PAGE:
Haleola looked around, puzzled. “Is this the settlement?”
“Hell no. This is Kalaupapa.”
“What is the difference?”
“This here’s where the locals live. Board of Health bought up most all the land, but these wouldn’t sell, so the Board lets ‘em live here. But mind, you ain’t supposed to come here ‘cept on days the steamer comes.”
The old sailor scanned the rest of the arrivals coming ashore, raising his voice: “Anybody here too sick or too lame to walk on their own?” One person raised his hand; most just stared at him blankly. Another new arrival translated the sailor’s words into Hawaiian, and two more hands were raised. The seaman pointed to the wagon: “All right. You people get in the wagon. You understand? Wagon. William”—he addressed the sullen young man at the reins—“give ‘em a hand if they need it.”
“Help them yourself,” the young man shot back, in a clipped British accent. “I’m just here to drive the bloody wagon.”
The older man sighed, turned back to the newcomers, and pointed up the coast. “Kalawao’s that way. ‘Bout two and half miles. Just follow the shoreline, you can’t miss it.” The sick, bedraggled group just stared at him.
“How wise of him,” Keo said in Hawaiian, “to notice that we needed the exercise.”
* * *
* * *
Wearily the new arrivals began the trek around the northernmost point of the promontory, to Kalawao. Keo talked story to kill time and appease the general grumbling, joking with the younger children when they became cranky. The pali seemed almost to blot out the sky; from here Haleola could make out a pair of switchback trails meandering down the face of the cliff, a daunting ascent.
As they rounded the tip of the peninsula a cold trade wind began to blow in from the northeast; their damp clothes offered little protection against the chill, and the barren terrain presented few natural windbreaks. People coughed, shivered, and were more than a little hungry, having last been fed the night before they boarded the Kilauea. Their hopes rose as they came to a small cluster of huts, like those at Kalaupapa, but when Keo asked a passerby—clearly bearing the marks of the ma‘i pākē—if this was Kalawao, the man shook his head and told him it was Makanalua; the main body of the settlement was still a mile away.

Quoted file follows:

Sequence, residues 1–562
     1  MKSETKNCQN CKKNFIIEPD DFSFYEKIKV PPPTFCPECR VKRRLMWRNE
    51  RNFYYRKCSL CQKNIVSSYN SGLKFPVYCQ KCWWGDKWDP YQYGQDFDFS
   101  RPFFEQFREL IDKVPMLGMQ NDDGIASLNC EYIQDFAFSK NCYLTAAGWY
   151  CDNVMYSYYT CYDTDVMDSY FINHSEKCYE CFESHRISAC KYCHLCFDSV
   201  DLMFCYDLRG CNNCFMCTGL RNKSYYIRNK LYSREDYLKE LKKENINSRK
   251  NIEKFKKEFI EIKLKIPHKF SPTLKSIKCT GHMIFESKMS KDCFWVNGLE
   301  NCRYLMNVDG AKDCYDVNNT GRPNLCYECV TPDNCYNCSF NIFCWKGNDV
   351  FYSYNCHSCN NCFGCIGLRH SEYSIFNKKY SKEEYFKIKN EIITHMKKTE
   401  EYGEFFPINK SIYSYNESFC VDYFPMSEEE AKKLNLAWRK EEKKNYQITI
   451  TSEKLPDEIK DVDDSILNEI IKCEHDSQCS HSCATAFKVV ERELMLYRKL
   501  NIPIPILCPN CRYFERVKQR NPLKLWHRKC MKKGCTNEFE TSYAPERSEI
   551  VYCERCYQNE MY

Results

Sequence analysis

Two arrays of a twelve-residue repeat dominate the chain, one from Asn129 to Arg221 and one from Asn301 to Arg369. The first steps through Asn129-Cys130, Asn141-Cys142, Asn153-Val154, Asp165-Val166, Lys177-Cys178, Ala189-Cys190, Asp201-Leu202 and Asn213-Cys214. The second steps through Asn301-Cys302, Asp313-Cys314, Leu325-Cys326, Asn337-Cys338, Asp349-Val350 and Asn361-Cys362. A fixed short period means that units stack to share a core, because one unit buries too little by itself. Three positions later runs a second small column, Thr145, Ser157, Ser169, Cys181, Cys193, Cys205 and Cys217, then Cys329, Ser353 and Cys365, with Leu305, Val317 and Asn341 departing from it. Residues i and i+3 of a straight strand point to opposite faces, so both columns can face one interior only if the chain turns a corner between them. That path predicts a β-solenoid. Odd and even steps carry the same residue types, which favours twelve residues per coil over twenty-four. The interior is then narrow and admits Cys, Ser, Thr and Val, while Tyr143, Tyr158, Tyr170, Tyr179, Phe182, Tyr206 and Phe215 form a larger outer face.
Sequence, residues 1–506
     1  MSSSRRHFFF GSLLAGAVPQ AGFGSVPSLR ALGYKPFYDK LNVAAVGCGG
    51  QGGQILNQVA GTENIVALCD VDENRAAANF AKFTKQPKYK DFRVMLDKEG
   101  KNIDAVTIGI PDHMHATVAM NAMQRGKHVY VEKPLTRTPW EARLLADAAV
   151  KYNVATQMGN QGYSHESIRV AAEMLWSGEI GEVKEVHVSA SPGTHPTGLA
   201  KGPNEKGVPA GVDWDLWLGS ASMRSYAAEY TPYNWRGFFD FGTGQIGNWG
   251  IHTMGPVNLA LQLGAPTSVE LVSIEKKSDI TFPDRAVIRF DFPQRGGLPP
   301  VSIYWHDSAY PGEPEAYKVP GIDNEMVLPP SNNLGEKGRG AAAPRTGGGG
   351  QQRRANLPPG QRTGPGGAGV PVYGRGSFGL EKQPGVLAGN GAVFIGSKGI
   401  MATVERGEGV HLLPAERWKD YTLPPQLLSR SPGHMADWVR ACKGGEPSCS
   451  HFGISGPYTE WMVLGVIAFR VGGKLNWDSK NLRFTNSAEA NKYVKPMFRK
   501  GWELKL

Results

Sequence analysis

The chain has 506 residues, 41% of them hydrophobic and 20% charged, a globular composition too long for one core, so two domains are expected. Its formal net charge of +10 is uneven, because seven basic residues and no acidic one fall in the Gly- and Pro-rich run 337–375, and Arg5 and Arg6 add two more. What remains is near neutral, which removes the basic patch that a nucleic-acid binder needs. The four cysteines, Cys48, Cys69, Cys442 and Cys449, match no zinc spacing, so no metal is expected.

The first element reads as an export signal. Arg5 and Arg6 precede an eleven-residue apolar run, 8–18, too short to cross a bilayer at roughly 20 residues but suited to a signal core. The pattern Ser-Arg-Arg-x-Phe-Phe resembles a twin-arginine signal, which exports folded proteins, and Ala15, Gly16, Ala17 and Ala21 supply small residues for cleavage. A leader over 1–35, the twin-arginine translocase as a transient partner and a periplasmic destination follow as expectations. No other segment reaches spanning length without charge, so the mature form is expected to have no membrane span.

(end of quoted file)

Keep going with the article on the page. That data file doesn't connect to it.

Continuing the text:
The farther they traveled the colder and windier it became, only the prospect of shelter and food spurring them on until, at last, what had to be the settlement appeared in the distance.
Kalawao was not at all how Haleola imagined it. The stories that found their way back to the other islands were tales of the most abject horror imaginable: a place of squalor and depravity, a desolate hell in which crime ran rampant and criminals boasted A’ole kānāwai ma kēia wahi, “In this place there is no law.”
Yet this was a village not unlike many throughout the kingdom: forty or fifty homes, most of them huts of thatched pili grass, a few wood-frame cottages, some with their own small fields of taro and sweet potatoes. These were spread out across the plain, shaded only by the occasional pandanus tree. Outside their huts and cottages residents talked, played cards, or tilled their gardens; and though many were obviously and severely leprous, Haleola’s first impression was of a quiet, everyday village.
At the center of this were about a dozen wooden buildings, whitewashed but somewhat dirty, surrounded by the white “picket” fences these foreigners seemed to love and which looked to Haleola like nothing so much as a string of shark’s teeth erupting from the earth. Inside the fence a man was pushing a wheelbarrow full of rags out of a low wooden building. A handkerchief tied behind his head obscured half his face, and as he wheeled his burden across the yard Keo called out, “Aloha kakahiaka iā ‘oe!”